Tuesday, March 29, 2016

Core Post 4: Genre In The Air Tonight

Inside or outside? This seems to be the overriding question at the heart of the genre question at the center of today’s readings. On one side, Jean Feuer’s essay on soap opera defines them through reading the text itself, looking at the contradictions as similar to the inherent contradictions to the filmic melodrama. On the other side, Jason Mittell feels more specious about such a textual reading of genre, assuming that readings of genre are problematic without site specific analysis of production. He argues, “Although historical work usually does not engage in such theoretical abstraction or interpretive idealism, many genre historians still posit large-scale shifts or master narratives of a genre” (6). He argues the essential issue is the idea of relying on the text as opposed to the forces outside, that they end up taking much larger issues than supported by the categories.

I’m one of two sides about this. On one, I totally recognize something that Feuer is going toward an excess that does define Dallas and Dynasty and others, and I recognize some of the relational issues to Sirk and Ophuls. But is not excess the defining factor of the 1980s? Is there any stylistic relation to the Michael Jackson MTV videos noted by Mittell, or heck, this opening sequence from the pilot episode of Miami Vice (male melodrama? Cop melodrama?).

But what is Feuer ultimately arguing for? Her response is quite clear in this regard: “The emergence of the melodramatic serial in the 1980s represents a radical `response to and expression of cultural contradictions” (16). In a way, Feuer’s analysis is itself a more limiting question than I think Mittell gives it credit for. She leads with one question which is: why do people interpret these films so differently in terms of their politics? Where perhaps Feuer loses her place is her turn specifically to genre, when other Hollywood films (a) are ideologically incoherent and (b) might carry cinematic excess? To this, Feuer contends, “Melodrama, in problematising questions of spectatorship and gender, demands reader-response based modes of analysis such as psychoanalysis” (8), but I think essentializes in the same way that Mittell finds problematic.

I think the major question is this: what would a Mittell-style, site specific discursive analysis look like, and what would its findings be? I assume one then might start analyzing the history of Metromedia and 20th Century Television, which produced the show, and looking at the show’s creator, Aaron Spelling, and how different her 1970s shows, which were not Lear-esque, sitcoms, and tracing their ideological valance (Charlie’s Angels is certainly an ideological minefield), and then understanding the development of the night time soap opera through various practices. It would go on the maybe understand how the use of visual excess could form a capital prestige for audiences that “legitimated” their watching of a soap opera (much in the way the masculine visual codes of 24 “legitimate” the soap opera narrative underneath, as Prof McPhereson argues). For Mittell, however, genre must be obvious, which is how/why he places it at the sites of production—it must be an operational use (by producers, consumers, advertisers, and the texts themselves) recognizable at any moment.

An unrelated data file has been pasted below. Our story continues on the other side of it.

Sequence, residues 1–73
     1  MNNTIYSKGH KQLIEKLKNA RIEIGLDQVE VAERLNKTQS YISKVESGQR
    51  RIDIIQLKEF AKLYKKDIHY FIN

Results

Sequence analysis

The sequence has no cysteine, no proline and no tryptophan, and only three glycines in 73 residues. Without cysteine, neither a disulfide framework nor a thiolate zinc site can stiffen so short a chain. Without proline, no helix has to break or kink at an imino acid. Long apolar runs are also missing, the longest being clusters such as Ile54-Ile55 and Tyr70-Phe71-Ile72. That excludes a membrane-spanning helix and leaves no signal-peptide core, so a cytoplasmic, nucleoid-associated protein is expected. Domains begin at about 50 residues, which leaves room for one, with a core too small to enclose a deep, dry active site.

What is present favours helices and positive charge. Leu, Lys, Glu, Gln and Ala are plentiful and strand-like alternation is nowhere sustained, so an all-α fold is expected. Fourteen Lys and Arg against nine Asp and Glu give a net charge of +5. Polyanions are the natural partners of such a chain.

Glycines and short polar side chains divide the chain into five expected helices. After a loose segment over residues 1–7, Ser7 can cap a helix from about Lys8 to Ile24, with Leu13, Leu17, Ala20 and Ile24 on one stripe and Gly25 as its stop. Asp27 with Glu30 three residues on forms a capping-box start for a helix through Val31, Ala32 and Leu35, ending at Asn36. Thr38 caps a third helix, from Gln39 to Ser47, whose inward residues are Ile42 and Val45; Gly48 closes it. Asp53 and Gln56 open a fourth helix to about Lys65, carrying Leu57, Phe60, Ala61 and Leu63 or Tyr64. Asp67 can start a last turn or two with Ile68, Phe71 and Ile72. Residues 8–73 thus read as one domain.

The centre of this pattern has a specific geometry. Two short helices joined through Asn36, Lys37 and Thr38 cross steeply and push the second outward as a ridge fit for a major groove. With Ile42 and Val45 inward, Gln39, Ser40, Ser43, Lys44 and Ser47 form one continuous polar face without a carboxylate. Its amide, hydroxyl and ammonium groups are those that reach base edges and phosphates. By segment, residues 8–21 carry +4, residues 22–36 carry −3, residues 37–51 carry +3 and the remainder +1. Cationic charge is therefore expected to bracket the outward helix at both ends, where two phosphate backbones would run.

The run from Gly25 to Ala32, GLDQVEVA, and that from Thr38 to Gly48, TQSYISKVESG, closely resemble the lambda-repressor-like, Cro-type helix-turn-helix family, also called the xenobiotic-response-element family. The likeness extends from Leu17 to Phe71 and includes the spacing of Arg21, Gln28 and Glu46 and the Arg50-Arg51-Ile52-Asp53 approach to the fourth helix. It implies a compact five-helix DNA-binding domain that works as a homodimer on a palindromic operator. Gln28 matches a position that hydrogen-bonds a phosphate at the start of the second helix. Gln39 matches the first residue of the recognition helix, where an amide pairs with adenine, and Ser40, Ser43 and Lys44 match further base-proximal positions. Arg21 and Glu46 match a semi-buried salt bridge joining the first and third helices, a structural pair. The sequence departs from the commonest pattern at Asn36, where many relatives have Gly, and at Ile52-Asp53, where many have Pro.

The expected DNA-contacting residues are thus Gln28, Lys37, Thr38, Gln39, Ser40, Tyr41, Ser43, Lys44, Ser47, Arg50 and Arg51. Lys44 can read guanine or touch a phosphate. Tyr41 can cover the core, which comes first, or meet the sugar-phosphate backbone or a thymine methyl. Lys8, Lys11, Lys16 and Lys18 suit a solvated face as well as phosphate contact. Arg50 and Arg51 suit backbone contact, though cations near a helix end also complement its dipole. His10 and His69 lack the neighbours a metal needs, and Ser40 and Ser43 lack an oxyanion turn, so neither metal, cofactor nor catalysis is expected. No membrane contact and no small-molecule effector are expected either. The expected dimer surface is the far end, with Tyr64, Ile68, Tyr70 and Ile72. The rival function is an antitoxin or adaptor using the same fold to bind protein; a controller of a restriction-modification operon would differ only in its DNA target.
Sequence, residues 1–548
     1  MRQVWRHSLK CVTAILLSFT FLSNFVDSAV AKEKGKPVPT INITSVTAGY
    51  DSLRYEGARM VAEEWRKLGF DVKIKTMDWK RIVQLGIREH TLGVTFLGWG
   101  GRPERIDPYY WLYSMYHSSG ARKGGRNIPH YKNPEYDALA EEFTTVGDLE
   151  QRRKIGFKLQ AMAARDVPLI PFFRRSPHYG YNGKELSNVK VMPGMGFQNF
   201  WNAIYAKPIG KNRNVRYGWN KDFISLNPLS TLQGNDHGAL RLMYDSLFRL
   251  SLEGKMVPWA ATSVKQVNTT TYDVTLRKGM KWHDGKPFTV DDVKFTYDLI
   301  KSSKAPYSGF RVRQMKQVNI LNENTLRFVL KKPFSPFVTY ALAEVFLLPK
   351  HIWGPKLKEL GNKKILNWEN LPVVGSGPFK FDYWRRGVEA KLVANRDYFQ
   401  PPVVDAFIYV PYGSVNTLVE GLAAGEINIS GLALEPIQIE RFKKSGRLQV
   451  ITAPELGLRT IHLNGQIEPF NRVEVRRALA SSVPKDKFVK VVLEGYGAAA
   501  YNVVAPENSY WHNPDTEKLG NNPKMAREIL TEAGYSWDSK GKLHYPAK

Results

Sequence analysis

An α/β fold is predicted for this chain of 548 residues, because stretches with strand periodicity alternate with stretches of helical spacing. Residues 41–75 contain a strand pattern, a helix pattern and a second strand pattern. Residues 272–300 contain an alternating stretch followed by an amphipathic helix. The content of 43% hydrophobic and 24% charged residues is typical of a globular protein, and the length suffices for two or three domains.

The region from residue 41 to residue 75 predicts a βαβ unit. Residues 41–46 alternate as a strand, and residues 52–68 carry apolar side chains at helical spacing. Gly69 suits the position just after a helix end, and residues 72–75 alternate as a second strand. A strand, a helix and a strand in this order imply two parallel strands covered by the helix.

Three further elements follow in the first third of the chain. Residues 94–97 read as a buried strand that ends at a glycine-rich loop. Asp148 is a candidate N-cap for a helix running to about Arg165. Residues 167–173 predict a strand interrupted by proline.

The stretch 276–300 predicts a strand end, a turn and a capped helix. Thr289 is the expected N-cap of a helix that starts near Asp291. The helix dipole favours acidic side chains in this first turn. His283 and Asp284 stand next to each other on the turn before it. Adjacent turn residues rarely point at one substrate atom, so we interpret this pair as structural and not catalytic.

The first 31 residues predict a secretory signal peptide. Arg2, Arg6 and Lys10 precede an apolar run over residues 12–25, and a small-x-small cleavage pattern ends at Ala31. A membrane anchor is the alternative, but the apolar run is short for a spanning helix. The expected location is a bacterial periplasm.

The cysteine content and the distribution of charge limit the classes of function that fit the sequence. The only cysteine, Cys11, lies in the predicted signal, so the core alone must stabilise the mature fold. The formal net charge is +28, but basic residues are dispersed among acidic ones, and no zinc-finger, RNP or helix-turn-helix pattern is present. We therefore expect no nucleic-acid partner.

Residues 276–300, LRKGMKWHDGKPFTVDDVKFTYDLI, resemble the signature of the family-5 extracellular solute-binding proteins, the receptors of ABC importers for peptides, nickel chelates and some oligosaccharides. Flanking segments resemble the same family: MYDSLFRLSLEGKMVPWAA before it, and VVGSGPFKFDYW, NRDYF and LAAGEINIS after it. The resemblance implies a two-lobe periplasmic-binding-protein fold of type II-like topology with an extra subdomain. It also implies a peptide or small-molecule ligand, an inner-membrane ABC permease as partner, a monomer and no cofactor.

But this brings me finally back around to my defense of Feuer. I don’t think Feuer is saying Dynasty and Dallas are melodramas—I think she would emphatically call them soap operas. Her use of the melodrama seems to be using one text to explain another, and the similarities allow her to use one theory to explain the productive ideological valence of another set of texts. So the real question at the center of this debate is really this: if someone doesn’t use the word melodrama in the creation of a text in the woods, does it actually exist?

1 comment:

  1. I found Feuer's use of the verboten word melodrama especially helpful when thinking about reception of serial drama today. Though as you note Feuer is mostly concerned with textual analysis, a look at (almost equally verboten at the time) TV fans shows that at least some of them were/are aware of and even active participants in the dual readings engendered by melodramatic (or serial dramatic) excess. I'm thinking currently of the fan fiction and fan theories written about shows such as Pretty Little Liars and Once Upon A Time (two aesthetic and spiritual successors to Dynasty). The sheer number of words devoted to rewriting or outright exposing and discussing flaws in these shows leads me to believe that maybe melodrama doesn't need the auteur to problematize its themes. Maybe it's inherent to the genre. Or maybe fans are now so used to modes of storytelling that incorporate dual readings - queer readings being the most popular in this case - that they feel comfortable inserting complex readings onto shows. I'm not sure yet.
    Either way, I agree with you that the word melodrama doesn't quite fit. Still, the structure might help explain the text and/or the audience readings.